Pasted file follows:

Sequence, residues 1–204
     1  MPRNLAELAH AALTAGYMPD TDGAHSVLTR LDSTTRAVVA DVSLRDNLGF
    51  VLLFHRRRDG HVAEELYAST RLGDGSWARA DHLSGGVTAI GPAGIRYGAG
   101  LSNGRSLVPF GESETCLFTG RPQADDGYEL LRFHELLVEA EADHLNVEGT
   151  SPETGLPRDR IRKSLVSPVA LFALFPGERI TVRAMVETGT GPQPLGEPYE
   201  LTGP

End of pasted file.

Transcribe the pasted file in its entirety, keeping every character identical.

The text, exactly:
Sequence, residues 1–204
     1  MPRNLAELAH AALTAGYMPD TDGAHSVLTR LDSTTRAVVA DVSLRDNLGF
    51  VLLFHRRRDG HVAEELYAST RLGDGSWARA DHLSGGVTAI GPAGIRYGAG
   101  LSNGRSLVPF GESETCLFTG RPQADDGYEL LRFHELLVEA EADHLNVEGT
   151  SPETGLPRDR IRKSLVSPVA LFALFPGERI TVRAMVETGT GPQPLGEPYE
   201  LTGP